PlACES TO VISIT OUTSIDE THE CENTER
This is the largest park closest to the city center. It has several entrances including one by the famous Puerta de Alcalá. The landmarks inside the park are the Crystal Palace and a lovely man-made lake where you can rent boats. The Crystal Palace is free and has a rotating art exhibit. Keep in mind there might be a long line to enter in peak season. Next to the Crystal Palace, there’s the Palacio de Velázquez, a free museum. You can spend the whole day exploring Retiro and never get bored. There’s an innumerable amount of cool looking fountains (including one of the devil with its demons), gardens that look like something out of Alice in Wonderland, even peacocks!
This is another huge green area but it might be a bit dry if you go in the summer. Casa de campo is mainly for sports like biking and running, but it also has a beautiful lake surrounded by lounge chairs and restaurants. Inside Casa de Campo you can find one of the entrances to the Cable Car (Teleferico). You can either take it one way from Casa de Campo to Argüelles (where Parque del Oeste is) or vice versa. Roundtrip is €6 as of summer of 2019.
Besides the cable car, another great way to overlook Madrid is Moncloa Tower, which is also near the center. It’s €3 to go up an elevator and once up, you’ll be in a well-ventilated lobby with an amazing bird’s eye view of the city.
If you prefer the view without protecting glass, then I recommend going up to Círculo de Bellas Artes. This rooftop bar charges a €4 cover and tends to have a line but that sunset view over Gran Vía is totally worth it.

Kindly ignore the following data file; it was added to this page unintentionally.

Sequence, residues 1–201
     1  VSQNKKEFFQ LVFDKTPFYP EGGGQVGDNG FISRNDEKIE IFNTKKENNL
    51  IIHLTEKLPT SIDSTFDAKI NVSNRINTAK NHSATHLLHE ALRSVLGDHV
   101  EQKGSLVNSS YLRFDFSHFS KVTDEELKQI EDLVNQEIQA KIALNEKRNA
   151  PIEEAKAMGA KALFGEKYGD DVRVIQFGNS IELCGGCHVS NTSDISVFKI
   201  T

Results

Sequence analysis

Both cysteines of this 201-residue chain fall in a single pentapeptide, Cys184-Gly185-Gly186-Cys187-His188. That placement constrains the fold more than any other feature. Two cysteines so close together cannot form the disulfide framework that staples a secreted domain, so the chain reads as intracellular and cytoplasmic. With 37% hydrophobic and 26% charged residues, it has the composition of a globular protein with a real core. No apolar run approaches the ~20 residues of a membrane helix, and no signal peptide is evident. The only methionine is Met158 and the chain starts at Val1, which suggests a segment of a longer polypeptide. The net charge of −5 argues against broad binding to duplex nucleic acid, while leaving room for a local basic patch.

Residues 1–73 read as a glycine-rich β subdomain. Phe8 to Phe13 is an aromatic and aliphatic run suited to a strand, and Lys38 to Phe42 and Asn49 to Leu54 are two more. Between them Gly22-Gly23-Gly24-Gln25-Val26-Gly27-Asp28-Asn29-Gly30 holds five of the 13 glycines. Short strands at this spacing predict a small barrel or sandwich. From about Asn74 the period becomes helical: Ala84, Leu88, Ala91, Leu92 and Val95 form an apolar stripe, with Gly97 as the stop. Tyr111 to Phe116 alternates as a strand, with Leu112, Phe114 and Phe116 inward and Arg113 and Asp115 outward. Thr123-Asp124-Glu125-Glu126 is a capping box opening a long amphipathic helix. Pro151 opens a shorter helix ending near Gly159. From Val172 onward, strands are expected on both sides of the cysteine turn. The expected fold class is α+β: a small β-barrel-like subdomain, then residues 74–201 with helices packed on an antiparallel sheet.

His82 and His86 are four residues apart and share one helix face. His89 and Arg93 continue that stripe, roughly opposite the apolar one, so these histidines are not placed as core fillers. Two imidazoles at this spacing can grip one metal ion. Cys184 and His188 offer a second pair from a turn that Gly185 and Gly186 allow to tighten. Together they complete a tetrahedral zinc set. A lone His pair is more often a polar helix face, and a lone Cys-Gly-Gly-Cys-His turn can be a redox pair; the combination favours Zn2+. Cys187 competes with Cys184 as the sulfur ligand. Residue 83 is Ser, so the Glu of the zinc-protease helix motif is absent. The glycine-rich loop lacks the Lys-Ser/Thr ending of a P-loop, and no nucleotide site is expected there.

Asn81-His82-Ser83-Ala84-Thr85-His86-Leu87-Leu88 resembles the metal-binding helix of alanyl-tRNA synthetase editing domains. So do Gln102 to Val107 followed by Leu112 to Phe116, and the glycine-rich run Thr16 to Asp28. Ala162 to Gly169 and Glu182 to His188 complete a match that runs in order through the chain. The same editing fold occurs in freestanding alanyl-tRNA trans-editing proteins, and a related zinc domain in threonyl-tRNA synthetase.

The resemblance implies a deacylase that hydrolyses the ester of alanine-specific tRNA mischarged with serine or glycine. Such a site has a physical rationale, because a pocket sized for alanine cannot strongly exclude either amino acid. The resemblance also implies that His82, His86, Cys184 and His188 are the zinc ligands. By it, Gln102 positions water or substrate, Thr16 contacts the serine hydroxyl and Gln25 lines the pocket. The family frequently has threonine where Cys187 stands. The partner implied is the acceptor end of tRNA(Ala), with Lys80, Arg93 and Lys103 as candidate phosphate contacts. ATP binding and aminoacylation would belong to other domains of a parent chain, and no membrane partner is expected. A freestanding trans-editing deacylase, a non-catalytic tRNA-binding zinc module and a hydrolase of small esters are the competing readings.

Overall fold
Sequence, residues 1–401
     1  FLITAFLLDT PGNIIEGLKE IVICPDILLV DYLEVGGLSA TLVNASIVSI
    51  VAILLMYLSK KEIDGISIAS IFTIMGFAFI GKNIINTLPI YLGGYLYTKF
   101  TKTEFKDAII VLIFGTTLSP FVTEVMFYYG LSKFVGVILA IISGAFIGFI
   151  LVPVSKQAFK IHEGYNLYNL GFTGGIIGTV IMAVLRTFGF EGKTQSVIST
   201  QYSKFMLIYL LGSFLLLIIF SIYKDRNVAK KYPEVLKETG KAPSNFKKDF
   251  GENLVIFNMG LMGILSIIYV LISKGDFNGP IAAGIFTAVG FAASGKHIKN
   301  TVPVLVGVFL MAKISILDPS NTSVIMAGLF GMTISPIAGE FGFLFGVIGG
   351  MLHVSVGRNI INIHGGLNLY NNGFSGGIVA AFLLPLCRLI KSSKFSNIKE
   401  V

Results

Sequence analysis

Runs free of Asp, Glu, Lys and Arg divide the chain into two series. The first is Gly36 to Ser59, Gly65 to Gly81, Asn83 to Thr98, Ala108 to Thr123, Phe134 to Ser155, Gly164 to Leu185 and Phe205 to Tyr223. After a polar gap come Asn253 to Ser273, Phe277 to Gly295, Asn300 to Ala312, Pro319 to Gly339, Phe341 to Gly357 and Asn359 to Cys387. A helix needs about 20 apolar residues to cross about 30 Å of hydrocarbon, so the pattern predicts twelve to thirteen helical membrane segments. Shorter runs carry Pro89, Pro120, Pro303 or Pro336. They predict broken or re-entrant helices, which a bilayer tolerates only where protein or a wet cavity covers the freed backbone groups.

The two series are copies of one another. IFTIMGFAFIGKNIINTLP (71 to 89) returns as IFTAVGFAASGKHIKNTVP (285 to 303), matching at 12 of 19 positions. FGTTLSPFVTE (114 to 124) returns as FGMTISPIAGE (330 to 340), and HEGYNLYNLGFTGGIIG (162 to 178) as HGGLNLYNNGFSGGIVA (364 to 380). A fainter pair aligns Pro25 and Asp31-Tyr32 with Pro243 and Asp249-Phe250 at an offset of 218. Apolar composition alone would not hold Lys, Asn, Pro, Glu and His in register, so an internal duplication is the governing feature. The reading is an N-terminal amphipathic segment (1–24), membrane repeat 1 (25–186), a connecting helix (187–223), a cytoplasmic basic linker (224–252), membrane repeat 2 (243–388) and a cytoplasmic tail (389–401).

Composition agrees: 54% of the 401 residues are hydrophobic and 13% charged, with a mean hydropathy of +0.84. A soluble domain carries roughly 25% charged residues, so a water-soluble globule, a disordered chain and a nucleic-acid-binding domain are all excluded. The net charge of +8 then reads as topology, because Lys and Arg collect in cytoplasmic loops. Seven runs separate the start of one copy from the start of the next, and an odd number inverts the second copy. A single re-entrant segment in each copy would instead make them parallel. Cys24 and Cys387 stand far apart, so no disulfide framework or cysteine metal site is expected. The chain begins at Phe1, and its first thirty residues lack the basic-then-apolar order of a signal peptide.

One of my favorite places in Madrid is a little further south of the center. Matadero is off Legazpi metro station on lines 3 (yellow) and 6 (gray). It’s an old brick slaughterhouse along the river that is now an art hub. It is free to visit and it hosts rotating local art exhibits (naves) along with some free or cheap movie showing in the beautiful theatre. There is also a cantina with a lovely patio that serves drinks and pizzas, as well as a larger cafeteria with plenty of outdoor and indoor seating, even a small theatre inside. Make sure to check out the calendar for the many free events, such as concerts, food festivals, farmer’s markets, etc. It is also located next to a huge, new mall if you prefer to avoid the crowds in Gran Vía.
If you’re in Madrid on a Sunday make sure to check out this enormous flea market. It begins in Embajadores every Sunday from 8am – 3pm. You will find everything from antiques, handmade jewelry and clothes, the cheapest coats and shoes, the most affordable souvenirs made by local craftswomen and men, and anything else you can think of. Beware of pickpocketers since it gets very crowded. I found that the best times to go are either 9am or 1pm, so as to avoid the rush.
In the All You Need to Know About Madrid post I make a brief reconnaissance of the coolest neighborhoods in Madrid, the best times to visits the museums, understanding Madrid’s public transportation, as well as tips and tricks to experience the city like a local. For the foodies, I recommend checking out the Where & What to Eat Madrid post.
Enjoy your time in this magical and underrated city. If you ever become annoyed by the heat, cold, or crowds, just stop to have a caña (small beer) and tapa anywhere. You’ll be surprised how affordable this metropolitan city is. Follow me on Instagram joyzcortez for more travel pics & ideas. Have fun in beautiful Madrid and always BE PRESENT.